Making an animated bonfire or campfire

Bonfire with flickering fire effect for model trains.How to make a miniature bonfire for OO gauge model railways, with buit-in lighting, it glows and flickers just like a real fire!

Bonfires hold a cherished spot in my heart, entwined with memories from my childhood. In those early years, I’d gather with my brothers at the foot of the garden in our family home in Wimbledon, watching a bonfire enveloped by the glow of crackling flames as the smoke filled the air with that wonderful smell of burning wood.

Although air pollution and environmental concerns limit how often I can have them, I still love them and if there’s one going I’ll always be there, poking a stick into the flames and watching them dance in the early hours.

But when it comes to my model railways, there’s no limit and there will always be one somewhere on every layout. My exhibition layout is no different and I recently set about making a bonfire to go near the old barn.

Update: Along with the bonfire at one end of the layout, I’ve also put an oil drum brazier fire on the layout. This sits in the industrial end of the layout, providing a nice counter to the natural fire here.

The TL;DR version for making a 4mm scale model bonfire is:

  • Take a flickering orange LED light (those from Christmas candle effect lights can work well with a little modification),
  • Secure it to a small flat surface with a hole drilled through the centre for the wires and then build-up timber around it using sprue’s carved with wood grain pattern,
  • Paint the inside with reds and yellows and the outside using a dark wash and dry brushing wood brown.

The final item can then be connected to an accessory power feed for the flickering glow effect.

The longer version, broken down into four steps, is as follows:

Making the base and adding the light

The bonfire needs a base to sit and also to securely hold the lighting fixture. For this, I cut a small square of plasticard to the size required, in this case, 20mm by 20mm.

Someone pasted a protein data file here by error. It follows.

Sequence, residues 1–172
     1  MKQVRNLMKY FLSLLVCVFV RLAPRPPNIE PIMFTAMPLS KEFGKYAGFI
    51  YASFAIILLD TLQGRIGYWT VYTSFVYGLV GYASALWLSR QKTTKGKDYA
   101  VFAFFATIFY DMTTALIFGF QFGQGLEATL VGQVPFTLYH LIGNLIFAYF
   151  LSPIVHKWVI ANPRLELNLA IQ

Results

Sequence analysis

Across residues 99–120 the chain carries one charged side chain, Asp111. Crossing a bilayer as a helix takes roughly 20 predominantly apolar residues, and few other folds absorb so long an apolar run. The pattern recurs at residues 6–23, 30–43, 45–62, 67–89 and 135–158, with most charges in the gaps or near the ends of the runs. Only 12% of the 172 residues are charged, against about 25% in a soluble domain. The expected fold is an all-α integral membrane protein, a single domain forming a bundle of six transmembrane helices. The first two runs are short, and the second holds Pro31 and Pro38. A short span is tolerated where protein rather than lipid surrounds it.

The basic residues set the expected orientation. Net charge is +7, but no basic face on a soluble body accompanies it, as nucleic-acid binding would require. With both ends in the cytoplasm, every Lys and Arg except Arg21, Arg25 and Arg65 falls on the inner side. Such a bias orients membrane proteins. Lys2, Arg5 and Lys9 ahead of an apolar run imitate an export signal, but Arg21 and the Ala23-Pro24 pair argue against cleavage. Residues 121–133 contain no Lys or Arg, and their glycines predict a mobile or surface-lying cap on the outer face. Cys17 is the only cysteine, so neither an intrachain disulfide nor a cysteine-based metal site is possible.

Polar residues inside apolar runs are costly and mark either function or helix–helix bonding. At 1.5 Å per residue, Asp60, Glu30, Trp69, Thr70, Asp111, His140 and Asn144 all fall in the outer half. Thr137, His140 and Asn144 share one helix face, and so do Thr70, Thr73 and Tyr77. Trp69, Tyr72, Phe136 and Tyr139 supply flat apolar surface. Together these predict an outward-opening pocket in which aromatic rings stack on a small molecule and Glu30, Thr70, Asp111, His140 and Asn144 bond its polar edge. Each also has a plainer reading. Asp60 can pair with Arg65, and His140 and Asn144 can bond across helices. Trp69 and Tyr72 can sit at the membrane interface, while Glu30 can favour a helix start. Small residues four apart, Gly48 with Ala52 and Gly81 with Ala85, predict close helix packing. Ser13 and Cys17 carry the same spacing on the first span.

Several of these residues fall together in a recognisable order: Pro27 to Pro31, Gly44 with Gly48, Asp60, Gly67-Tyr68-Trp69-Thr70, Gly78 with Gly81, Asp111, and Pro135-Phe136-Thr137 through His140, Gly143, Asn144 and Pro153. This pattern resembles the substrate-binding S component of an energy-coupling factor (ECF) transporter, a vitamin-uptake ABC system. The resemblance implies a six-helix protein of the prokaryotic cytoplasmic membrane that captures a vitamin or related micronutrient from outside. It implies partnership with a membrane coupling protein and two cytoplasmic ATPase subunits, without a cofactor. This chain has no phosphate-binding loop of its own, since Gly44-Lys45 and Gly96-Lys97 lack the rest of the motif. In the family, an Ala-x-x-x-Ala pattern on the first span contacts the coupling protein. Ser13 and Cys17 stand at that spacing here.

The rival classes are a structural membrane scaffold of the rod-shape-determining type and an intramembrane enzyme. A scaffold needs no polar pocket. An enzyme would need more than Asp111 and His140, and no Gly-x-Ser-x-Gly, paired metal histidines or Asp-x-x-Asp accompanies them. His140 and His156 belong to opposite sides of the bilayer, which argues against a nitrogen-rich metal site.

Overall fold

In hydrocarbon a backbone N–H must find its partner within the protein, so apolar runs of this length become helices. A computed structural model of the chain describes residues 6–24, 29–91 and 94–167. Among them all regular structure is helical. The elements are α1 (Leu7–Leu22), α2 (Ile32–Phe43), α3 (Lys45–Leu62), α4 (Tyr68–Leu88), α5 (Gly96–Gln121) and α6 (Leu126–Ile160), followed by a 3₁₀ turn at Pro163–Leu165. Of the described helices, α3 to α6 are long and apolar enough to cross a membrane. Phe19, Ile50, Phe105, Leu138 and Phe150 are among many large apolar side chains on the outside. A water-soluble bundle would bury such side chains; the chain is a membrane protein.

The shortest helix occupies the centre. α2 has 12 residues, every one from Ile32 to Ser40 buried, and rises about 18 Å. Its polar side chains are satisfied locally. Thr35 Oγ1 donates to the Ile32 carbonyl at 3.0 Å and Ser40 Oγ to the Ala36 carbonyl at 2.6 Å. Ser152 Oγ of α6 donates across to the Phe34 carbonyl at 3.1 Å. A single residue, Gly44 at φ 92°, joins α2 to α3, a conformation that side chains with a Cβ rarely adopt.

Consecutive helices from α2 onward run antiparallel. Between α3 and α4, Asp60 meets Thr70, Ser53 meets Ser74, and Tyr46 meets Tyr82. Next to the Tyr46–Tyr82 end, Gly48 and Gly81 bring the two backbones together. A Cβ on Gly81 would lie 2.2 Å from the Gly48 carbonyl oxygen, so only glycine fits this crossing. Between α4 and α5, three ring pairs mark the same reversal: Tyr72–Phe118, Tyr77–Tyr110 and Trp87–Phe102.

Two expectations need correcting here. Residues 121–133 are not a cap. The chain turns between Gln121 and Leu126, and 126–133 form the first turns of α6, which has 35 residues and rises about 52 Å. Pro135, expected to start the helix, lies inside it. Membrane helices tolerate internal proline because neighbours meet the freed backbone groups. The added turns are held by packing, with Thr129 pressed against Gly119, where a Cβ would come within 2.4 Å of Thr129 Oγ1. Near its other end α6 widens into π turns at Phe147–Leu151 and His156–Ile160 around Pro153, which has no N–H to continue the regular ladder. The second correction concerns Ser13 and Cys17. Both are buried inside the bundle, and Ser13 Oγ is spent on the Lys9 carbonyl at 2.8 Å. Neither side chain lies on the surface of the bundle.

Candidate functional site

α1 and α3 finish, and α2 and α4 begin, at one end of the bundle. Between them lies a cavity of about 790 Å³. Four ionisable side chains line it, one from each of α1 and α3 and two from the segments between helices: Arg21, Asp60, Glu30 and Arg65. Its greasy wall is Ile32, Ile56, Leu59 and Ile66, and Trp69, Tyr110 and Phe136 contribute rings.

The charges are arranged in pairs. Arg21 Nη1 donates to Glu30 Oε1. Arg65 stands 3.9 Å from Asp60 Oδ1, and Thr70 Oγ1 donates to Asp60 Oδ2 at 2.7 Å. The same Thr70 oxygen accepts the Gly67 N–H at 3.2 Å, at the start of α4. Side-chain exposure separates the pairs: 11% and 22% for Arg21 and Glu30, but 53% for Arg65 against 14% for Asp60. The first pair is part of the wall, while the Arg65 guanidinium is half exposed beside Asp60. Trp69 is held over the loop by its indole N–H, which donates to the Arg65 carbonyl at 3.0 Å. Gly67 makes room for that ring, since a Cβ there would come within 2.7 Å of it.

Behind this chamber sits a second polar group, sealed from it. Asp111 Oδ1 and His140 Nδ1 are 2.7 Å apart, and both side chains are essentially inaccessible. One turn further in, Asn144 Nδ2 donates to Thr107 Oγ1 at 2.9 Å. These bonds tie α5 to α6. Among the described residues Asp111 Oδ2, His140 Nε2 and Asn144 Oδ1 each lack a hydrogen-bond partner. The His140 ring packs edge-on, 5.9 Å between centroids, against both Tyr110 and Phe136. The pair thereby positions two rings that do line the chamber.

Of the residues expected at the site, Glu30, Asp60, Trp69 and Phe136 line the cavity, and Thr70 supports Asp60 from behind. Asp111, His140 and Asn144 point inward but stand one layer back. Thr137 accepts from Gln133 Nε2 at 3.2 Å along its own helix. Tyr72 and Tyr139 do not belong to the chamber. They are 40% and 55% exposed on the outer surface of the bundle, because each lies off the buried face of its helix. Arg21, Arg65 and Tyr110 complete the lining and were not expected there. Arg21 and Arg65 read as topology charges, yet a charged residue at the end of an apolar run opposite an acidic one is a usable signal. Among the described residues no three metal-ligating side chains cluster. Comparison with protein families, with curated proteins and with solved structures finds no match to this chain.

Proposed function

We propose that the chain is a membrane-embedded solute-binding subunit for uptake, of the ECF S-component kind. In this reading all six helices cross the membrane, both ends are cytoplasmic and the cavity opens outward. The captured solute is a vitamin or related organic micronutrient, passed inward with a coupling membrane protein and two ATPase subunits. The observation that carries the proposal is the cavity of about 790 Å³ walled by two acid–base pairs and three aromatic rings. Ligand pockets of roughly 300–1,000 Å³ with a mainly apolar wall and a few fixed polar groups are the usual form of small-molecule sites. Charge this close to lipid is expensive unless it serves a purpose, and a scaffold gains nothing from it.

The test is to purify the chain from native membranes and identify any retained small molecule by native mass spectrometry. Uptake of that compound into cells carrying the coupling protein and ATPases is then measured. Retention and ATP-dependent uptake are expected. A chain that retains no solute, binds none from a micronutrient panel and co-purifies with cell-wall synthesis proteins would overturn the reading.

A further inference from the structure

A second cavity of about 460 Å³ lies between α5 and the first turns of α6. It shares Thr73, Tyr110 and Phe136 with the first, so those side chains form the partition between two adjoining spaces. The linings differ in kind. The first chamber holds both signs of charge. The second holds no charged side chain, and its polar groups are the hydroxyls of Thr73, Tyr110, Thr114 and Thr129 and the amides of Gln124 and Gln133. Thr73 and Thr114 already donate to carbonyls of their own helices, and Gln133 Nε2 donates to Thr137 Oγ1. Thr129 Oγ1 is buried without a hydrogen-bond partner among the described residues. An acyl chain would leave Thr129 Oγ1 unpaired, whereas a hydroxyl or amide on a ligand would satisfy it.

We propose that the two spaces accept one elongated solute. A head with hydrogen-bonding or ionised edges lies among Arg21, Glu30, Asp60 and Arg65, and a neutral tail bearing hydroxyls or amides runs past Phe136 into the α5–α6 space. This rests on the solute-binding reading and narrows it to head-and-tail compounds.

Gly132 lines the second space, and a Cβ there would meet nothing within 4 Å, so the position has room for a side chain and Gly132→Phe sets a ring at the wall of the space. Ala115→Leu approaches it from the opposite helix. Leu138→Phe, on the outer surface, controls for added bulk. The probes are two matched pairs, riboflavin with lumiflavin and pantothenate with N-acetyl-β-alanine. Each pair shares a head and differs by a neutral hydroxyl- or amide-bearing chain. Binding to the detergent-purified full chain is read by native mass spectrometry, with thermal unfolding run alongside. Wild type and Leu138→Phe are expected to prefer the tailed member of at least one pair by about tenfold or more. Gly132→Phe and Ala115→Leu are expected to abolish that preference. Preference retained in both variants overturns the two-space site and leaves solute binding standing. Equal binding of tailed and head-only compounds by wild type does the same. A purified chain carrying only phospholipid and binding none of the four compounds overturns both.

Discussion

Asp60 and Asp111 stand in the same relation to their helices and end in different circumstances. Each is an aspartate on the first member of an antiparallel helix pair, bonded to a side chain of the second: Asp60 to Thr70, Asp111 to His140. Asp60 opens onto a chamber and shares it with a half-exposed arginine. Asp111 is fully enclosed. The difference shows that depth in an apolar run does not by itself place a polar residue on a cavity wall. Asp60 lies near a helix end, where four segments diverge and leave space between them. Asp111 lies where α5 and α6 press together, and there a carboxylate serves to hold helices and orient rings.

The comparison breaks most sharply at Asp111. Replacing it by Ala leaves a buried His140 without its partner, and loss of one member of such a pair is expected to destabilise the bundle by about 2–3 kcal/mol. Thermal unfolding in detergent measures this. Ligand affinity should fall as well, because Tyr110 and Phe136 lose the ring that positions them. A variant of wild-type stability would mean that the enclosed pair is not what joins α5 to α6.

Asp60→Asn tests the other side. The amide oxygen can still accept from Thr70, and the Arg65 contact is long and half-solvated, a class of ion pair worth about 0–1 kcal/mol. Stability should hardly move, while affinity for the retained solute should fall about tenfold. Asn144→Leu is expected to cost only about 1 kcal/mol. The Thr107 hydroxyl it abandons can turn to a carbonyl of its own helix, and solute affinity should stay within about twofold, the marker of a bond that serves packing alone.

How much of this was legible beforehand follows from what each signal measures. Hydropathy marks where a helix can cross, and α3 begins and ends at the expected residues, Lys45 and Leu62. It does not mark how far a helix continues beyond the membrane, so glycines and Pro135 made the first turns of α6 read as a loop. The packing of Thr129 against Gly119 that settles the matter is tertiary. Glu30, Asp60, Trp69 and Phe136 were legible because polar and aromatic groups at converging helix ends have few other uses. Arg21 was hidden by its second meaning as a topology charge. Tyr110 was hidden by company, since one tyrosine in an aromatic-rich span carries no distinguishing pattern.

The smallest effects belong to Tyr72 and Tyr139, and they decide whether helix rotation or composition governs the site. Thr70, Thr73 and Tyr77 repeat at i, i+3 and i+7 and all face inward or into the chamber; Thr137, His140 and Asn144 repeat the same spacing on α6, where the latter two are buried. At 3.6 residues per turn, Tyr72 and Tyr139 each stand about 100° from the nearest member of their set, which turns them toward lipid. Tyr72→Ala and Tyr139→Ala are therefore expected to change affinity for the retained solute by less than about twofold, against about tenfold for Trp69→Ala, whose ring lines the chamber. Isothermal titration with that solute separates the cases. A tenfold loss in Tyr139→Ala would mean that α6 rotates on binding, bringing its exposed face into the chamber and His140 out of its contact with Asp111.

A hole for the LED wires was drilled in the centre, and the entire base painted matt black.

The wires for the LED were passed through the hole and the LED was secured in place using super glue that should resist any heat from the light.

I used custom flickering orange/yellow LED and wired a resistor in so it can handle the voltage from a normal model railway controller but cheap electric Christmas candle decorations could also be made to work.

Making the timber

For the timber that makes up the most visible element of the bonfire, I initially used some scraps from an old Faller OO/HO Coal Mine kit.

These were then given a black wash and dry brushed with Vallejo brown before highlighting in black to represent burnt sections and looked okay.

In subsequent versions, I cut some bits of square sprue and carved wood grain patterns into them before roughed up the edges to make them less regular and more organic.

For the latest versions, which I’m now selling, I use Lime wood.

I get little twiggs of this from local trees and cut them to different lengths before giving them a square profile as befits timber.  These are then aged using tea bags before painting as above.

These mini timber pieces were then given a dark wash and dry brushed with a Vallejo brown.  Shorter pieces, that would make up the inner element of the fire were dabbed with yellow and red paint; these colours then reflecting outwards for a more realistic look. Edges and ends were painted black to create the impression of burn marks.

Building the bonfire